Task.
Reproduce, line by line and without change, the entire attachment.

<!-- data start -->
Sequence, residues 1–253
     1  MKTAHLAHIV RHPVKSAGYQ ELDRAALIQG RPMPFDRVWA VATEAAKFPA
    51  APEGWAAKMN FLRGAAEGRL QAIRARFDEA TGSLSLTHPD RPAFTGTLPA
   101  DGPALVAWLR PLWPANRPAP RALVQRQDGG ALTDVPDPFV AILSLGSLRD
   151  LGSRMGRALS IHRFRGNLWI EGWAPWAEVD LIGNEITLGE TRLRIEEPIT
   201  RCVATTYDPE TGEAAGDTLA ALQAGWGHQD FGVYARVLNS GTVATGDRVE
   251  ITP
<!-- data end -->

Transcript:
Sequence, residues 1–253
     1  MKTAHLAHIV RHPVKSAGYQ ELDRAALIQG RPMPFDRVWA VATEAAKFPA
    51  APEGWAAKMN FLRGAAEGRL QAIRARFDEA TGSLSLTHPD RPAFTGTLPA
   101  DGPALVAWLR PLWPANRPAP RALVQRQDGG ALTDVPDPFV AILSLGSLRD
   151  LGSRMGRALS IHRFRGNLWI EGWAPWAEVD LIGNEITLGE TRLRIEEPIT
   201  RCVATTYDPE TGEAAGDTLA ALQAGWGHQD FGVYARVLNS GTVATGDRVE
   251  ITP